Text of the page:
A rare and fascinating book that chronicles political, cultural, and personal encounters along the edge of the Christian and Muslim worlds has just joined the collection of the Getty Research Institute
This liber amicorum (“book of friends”) was compiled by Johann Joachim Prack von Asch, a military attaché of the Holy Roman Emperor Rudolph II’s embassy to the Ottoman court at Constantinople. It contains entries spanning 1587 to 1612. Most were penned in Istanbul and neighboring Bohemian regions traversed by Prack during his diplomatic travels. Explore the fully digitized book here.
The 25-year timespan of the entries parallels the so-called Long War, or Thirteen Years’ War, fought from 1593 to 1606 between the Holy Roman Empire and Ottoman Islam. It also contains traces of the political intrigues that led up to that war—and followed it.
As a “book of friends,” the volume is an elite scrapbook filled with entries by Prack’s friends and contacts. These additions include allegorical scenes, emblems, coats of arms, poetry and mottoes written with calligraphic flourish, and even figural scenes in watercolor based on Ottoman miniature paintings, which were ubiquitous in the bazaars of Istanbul in the late 16th and early 17th centuries.
The page shown below, for example, bears the arms and inscription of Philip Riedesel von Camberg, general of the Danube Fleet in the Turkish War.
Other contributors to the volume’s pages include Dr. Barthlmä Pezzen, Emperor Rudolph II’s chief military representative to the Ottoman court, and Friedrich von Kreckwitz, a diplomatic attaché to the Ottoman court. In 1593, two years after he signed Prack’s book, von Kreckwitz was arrested by Ottoman authorities and forced to fight for them against Imperial Catholic forces.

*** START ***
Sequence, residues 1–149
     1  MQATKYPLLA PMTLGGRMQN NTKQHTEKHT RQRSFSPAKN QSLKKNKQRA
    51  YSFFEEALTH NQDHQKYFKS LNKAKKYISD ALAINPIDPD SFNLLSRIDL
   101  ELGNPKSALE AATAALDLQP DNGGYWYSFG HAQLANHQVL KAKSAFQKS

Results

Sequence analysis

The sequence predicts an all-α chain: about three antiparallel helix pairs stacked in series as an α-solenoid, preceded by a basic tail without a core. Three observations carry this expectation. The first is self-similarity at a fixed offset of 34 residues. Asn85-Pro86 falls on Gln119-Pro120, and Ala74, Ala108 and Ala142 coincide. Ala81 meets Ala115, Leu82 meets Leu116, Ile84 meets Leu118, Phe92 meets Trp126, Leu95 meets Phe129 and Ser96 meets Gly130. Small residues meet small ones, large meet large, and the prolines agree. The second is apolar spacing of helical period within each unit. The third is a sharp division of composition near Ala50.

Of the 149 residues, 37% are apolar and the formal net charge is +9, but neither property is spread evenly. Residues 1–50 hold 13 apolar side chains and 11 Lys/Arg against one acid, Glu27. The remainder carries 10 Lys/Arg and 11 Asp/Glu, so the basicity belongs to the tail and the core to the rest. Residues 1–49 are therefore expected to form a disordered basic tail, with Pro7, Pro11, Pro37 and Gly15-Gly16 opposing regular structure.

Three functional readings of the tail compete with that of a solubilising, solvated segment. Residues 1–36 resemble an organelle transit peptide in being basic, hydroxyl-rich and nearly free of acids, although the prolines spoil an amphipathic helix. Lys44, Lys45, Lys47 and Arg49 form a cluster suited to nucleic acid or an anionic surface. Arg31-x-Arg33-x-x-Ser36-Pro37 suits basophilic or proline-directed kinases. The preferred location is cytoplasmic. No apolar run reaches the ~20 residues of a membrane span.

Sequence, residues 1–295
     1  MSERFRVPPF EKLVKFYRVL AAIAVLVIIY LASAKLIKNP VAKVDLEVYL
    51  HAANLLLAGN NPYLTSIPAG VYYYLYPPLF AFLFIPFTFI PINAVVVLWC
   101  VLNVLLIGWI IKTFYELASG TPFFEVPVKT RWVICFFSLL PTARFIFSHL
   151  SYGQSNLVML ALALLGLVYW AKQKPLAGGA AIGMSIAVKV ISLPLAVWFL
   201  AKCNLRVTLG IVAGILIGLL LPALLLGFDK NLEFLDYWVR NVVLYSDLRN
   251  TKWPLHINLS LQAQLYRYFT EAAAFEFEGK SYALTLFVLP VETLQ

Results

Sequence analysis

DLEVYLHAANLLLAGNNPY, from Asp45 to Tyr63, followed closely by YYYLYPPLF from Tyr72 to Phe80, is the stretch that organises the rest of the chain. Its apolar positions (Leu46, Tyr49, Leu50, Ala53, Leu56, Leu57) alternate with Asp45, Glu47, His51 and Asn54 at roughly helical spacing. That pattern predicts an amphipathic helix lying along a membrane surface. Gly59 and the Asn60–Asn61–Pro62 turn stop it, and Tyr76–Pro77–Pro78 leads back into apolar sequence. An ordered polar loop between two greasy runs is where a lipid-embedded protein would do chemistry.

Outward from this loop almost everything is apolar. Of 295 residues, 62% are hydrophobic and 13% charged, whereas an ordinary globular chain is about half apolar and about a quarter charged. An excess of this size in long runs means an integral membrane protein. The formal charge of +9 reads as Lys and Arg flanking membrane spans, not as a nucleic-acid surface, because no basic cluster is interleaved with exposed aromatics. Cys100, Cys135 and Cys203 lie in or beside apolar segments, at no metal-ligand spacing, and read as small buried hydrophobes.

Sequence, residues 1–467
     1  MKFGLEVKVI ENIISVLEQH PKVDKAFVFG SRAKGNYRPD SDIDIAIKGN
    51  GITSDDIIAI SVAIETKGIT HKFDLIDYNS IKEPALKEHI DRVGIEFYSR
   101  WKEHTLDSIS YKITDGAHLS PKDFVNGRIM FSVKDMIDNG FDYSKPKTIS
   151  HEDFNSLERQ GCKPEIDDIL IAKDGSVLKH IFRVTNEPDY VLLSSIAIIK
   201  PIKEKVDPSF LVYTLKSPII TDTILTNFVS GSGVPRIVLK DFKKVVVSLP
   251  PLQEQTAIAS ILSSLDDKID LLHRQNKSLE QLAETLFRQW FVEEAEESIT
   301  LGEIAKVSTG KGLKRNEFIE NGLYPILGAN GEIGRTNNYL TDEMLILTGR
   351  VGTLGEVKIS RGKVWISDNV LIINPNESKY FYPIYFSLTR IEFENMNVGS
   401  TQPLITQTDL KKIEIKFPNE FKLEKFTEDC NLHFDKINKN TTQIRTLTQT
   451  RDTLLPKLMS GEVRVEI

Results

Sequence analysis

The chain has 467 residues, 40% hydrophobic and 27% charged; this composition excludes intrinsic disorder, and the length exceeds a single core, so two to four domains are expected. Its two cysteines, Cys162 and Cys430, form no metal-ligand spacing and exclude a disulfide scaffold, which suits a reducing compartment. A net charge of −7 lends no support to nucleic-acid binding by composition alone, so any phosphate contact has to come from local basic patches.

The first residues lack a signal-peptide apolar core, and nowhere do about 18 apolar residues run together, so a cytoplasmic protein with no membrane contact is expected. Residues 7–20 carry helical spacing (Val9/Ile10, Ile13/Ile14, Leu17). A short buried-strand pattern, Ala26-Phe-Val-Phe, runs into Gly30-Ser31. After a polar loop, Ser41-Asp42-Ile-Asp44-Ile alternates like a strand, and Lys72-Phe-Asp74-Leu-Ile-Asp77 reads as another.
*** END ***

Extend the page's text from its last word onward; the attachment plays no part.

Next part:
Other notable entries come from members of the Geizkofler family from Gailenbach, perhaps most notably, Zacharias Geizkofler—minister of treasury and finance to the Holy Roman Emperor. His nephew, Hans, signed Prack’s book on August 25, 1594, at Raab, Hungary. Three days later, he was killed by Ottoman forces when they seized the fortress at Raab. A note indicating this on leaf 166 (shown below at left) is inscribed under his autograph in the hand of his father, Abraham Geizkofler, whose own inscription appears on the very same page.
Also of note in this “book of friends” is the array of Ottoman decorative papers bound into the pages, which present a far wider range of Islamic papermaking art than can be found in any other European liber amicorum from the period. Not only does the manuscript record the hybrid visual culture in Istanbul under the Ottoman Empire, but also the identities of those who inscribed Prack’s album with dates and dedicatory poems.
Interesting historical note: The papers in the album were almost certainly purchased from the Covered Bazaar in Istanbul, which was the original site of the ancient Chartoprateia, or paper market, of Constantinople.
As a whole, the album provides unique testimony to the vast social network at a time when Europe made furtively shifting alliances and diplomatic intrigues with the powers of Ottoman Islam.
This liber amicorum will be on view at ESMoA, the art laboratory in El Segundo, starting June 8 alongside another rare book from a similar genre, the 17th-century “book of friends” (liber amicorum) of German merchant Johann Heinrich Gruber, which last year inspired a 21st-century artistic reinterpretation, LA Liber Amicorum, nicknamed the Getty Graffiti Black Book. The exhibition, SCRATCH, presents the Black Book, the two historical examples, and a full-gallery “open black book” installation curated by local graffiti artists Axis, Cre8, Defer, Eye One, Fishe, and Miner, who worked with us at the Getty in creating LA Liber Amicorum.
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